As Insomnia 62 drew to a close, Gaming editor Roshni Patel picked her top indie games from the show floor
After many years of attending games conventions for Redbrick Gaming, I must say the indie zone is always my favourite area of any exhibition, and I have certainly always found many quirky games with quirkier stories there. This year’s Spring Insomnia, i62, was no exception, as they crammed as many great indies into the show as they could, with many of them featuring innovative stories and game play which I couldn’t resist writing about in my top picks from the show.
Sunburnt by Static Shell Studios
Typically when you think zombie survival games, you think zombie hoards and double barrel shotguns, and perhaps a sharp melee weapon for when they get a little too close and bitey. However, for this game, you’d only be partly correct, as Sunburnt is a game where there are no shotguns, no melee weapons, no dangerous weapons at all really, just light sources. Developed for a game jam, where light was the general theme, Sunburnt tasks you to take out the zombie apocalypse with torches and lanterns, as you give zombies, as the name suggests, lethal sunburns.
Featuring comical ragdoll physics for seemingly unending waves of zombies, and a great mechanic of both looting and self sustainment for powering your torches, Sunburnt throws you headlong into a zombie apocalypse with a twist. And considering most games will give you a melee weapon that never runs out of ammo, and Sunburnt has no such equivalent, there is a sense of urgency to the game, as you need to find or recharge your batteries before the zombies overwhelm you.
While Sunburnt is currently out in early access, there is a lot left to do, with the freshly graduated developers eager for user feedback and suggestions to help create a game that everyone might enjoy.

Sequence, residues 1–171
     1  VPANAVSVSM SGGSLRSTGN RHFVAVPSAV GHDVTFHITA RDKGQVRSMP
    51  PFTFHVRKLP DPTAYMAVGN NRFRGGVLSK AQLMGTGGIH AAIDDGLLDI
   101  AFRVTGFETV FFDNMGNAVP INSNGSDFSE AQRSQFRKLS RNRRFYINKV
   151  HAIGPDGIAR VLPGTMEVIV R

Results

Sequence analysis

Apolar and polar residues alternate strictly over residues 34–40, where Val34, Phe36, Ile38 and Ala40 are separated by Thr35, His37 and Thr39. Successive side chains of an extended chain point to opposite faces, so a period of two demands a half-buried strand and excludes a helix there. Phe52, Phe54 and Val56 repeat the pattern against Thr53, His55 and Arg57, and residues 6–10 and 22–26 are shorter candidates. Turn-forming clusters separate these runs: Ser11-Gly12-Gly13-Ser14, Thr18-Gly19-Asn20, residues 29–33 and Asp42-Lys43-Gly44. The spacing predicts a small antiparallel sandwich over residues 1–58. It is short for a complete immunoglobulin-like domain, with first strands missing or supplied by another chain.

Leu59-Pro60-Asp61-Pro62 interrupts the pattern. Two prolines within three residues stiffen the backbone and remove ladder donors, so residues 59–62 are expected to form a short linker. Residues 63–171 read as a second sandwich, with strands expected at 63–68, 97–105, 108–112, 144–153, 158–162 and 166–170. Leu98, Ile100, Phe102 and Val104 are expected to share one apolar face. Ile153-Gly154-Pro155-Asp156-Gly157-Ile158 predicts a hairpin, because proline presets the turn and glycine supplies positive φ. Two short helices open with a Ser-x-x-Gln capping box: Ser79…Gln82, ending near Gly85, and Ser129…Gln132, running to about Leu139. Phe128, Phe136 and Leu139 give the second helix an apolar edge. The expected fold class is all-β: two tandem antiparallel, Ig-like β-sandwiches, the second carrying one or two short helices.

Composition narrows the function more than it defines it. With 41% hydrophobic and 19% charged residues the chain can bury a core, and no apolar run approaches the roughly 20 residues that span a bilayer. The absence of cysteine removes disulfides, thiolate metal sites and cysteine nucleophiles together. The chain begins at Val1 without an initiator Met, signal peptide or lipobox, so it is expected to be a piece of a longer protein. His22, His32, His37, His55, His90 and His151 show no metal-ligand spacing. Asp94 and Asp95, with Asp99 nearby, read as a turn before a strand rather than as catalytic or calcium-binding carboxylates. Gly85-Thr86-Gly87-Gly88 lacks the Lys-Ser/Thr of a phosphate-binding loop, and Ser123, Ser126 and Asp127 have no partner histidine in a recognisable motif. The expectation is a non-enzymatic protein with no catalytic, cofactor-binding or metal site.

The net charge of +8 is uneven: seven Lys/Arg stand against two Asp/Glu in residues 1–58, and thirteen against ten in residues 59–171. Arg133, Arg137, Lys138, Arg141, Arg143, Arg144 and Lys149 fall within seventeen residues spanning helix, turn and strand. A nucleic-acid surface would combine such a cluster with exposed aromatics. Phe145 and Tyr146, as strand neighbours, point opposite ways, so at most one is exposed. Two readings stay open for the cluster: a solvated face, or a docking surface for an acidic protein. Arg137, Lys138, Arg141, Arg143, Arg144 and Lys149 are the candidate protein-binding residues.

Cyber Stealth by Golem Games
After finishing Dishonoured last year, I’ve come to love the stealth genre, where hiding in the shadows was imperative and dispatching enemies swiftly and silently was an art. Cyber Stealth features all of these qualities and more, with its quirky design, where instead of playing as a master assassin, you are a reprogrammed service robot with a glitch and a nefarious mission. However there is a catch, there’s only 3 robots, thus 3 lives, and the refitting and reprogramming has left each bot with a fault battery, which loses charge with every move and every shot.
Set in a darkened futuristic cityscape, this game was a lot of fun to play, as I snuck around, taking out security droids and completing missions, often times losing my bots to unexpected security droids who snuck up on me as I took out their companion. Still in development and due for release sometime in 2018, Cyber Stealth still has some rough edges to tidy up, though I have no doubt that this game will certainly be an interesting addition to the genre.
Coin-Op Kingdom by Canalside Studios
It’s not often that I go back to my gaming roots, when I used to play management simulators like Zoo Tycoon and Jurassic Park: Operation Genesis on a rainy day indoors, however this weekend Canalside Studios’ Coin-Op Kingdom called me back, pulling me into the humourous world of arcade management. Though this was no ordinary arcade, as my clientele were all animals, alive and extinct, and each came with their own preferences for their ideal arcade design.
Tasked with earning £6000 in the demo level, I set about filling my empty arcade with machines, food stalls and of course toilets. I hired a mole to manage my machines, a turtle for my front desk and a slug to clean my floors and bathrooms. Before long I had patrons streaming through my doors, playing on my multicoloured and multigenre machines, filling my coffers. But it didn’t take long for the angry faces to appear above heads, and the bouncer to be called out as the developer and I realised that my prehistoric patron had been littering in frustration, a fun feature and mechanic, which is sure to make anyone smile as they kick out a fuming velociraptor.
Developed by students at the University of Huddersfield, the game has the same amusing and engaging design as the management sims of old, drawing in players of all ages to play with well designed characters and levels, many of which are to be expanded on as development continues, with some of the character animations yet to be applied.
These are just some of the great games that were available to play on the show floor, with so many more I couldn’t fit into my article, so be sure to check out my co-editors Emma and James’ top indie picks of Insomnia 62 as well, to find out what else caught our eye at this Spring’s Insomnia.